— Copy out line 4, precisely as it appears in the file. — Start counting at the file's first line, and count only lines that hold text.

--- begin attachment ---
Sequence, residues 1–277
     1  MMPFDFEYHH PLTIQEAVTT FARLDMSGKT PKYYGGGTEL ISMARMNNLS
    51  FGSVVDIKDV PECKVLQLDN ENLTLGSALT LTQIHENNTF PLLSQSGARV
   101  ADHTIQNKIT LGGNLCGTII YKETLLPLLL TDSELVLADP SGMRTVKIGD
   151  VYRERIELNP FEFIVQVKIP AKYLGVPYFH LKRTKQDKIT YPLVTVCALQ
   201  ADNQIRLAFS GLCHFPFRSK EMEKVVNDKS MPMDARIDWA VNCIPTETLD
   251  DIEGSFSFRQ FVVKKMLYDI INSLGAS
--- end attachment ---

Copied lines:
   101  ADHTIQNKIT LGGNLCGTII YKETLLPLLL TDSELVLADP SGMRTVKIGD